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      06-28-2012, 06:10 PM   #12

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Join Date: Jul 2010
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Forgetting the ideological/partisan implications of this (2 sides that will never agree with each other anyways), lets look at something perhaps less divisive: the cold, hard logistics of making it all work.

You dont need to look hard to find many examples of people enduring long waits to get medical procedures in places with universal health care like Canada.

Now, in a few years when all of this is more fully rolled out, we will have something on the order of 35-40 million more people who will now have coverage that didnt before. That is basically equivalent to the entire population of Canada, or almost double the population of Australia.

Who exactly is going to treat these folks who were reluctant to seek treatment before? How is it possible to pump that many new doctors, nurses, hospital beds, MRI machines, etc into the system in such a short period of time?

Of course there were some folks with no coverage who went before when they were at deaths door, so I'm not suggesting that those 40 million NEVER went to the hospital, and now they'll be going daily. However, if you must pay now to get coverage, there is no savings to be had by avoiding the doctor, so minor non-life threatening issues that people didnt seek professional treatment for previously, those folks will now be getting a lot more stuff looked at.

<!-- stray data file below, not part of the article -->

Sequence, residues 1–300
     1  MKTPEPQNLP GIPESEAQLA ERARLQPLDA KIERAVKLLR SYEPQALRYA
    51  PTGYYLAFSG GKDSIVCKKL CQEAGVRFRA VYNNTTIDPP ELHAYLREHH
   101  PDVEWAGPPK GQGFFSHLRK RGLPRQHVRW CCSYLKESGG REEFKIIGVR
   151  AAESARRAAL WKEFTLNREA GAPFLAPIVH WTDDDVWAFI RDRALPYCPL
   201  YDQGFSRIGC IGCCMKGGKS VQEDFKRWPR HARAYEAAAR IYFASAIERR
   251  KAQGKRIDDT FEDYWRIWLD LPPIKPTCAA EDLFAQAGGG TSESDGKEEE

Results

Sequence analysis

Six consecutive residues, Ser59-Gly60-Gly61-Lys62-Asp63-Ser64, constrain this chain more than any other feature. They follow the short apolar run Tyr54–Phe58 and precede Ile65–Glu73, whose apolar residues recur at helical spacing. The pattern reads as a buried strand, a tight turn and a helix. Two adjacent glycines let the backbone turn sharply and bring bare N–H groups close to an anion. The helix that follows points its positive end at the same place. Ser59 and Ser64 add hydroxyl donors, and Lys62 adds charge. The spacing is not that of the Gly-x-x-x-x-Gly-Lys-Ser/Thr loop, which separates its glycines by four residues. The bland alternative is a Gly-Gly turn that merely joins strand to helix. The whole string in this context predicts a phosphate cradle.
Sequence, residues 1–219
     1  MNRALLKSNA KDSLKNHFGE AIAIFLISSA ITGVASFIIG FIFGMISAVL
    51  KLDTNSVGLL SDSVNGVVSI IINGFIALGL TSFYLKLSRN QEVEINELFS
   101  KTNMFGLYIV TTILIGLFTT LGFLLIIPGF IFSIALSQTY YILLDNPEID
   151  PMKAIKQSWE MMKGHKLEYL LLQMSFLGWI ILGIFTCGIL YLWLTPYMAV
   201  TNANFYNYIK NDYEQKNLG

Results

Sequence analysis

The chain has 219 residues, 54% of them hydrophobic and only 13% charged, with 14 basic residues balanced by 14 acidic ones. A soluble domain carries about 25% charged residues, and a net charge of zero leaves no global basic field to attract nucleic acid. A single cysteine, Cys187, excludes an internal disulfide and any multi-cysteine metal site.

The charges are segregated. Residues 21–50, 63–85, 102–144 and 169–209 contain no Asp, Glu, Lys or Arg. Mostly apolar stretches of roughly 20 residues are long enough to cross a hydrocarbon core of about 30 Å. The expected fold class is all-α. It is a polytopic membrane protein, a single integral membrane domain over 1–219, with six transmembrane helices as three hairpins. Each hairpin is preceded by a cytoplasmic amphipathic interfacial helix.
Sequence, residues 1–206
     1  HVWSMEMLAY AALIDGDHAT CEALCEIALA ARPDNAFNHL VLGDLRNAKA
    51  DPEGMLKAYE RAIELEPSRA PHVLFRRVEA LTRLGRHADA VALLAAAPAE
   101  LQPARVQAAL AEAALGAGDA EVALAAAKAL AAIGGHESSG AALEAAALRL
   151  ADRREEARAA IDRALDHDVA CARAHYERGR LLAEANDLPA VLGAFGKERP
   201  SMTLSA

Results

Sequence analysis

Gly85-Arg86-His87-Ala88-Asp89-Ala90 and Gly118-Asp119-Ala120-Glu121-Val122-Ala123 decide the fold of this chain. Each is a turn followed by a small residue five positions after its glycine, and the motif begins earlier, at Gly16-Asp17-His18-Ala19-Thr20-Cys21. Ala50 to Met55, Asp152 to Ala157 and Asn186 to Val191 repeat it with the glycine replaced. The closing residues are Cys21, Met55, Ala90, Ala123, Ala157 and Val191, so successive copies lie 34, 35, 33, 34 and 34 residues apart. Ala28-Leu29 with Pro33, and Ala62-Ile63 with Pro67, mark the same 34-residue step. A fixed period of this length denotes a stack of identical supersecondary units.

Without having hard quantitative numbers available, it is possible this will be seamless and trouble-free, but somehow I just think there is a big traffic jam coming in the future, I just dont know how big it will be... am I the only one who is concerned about this?

This is like making state universities free (everyone must must pay for tuition via taxes or something). If you didnt drastically increase the number of profs and classrooms, wouldnt that cause another logistics problem ?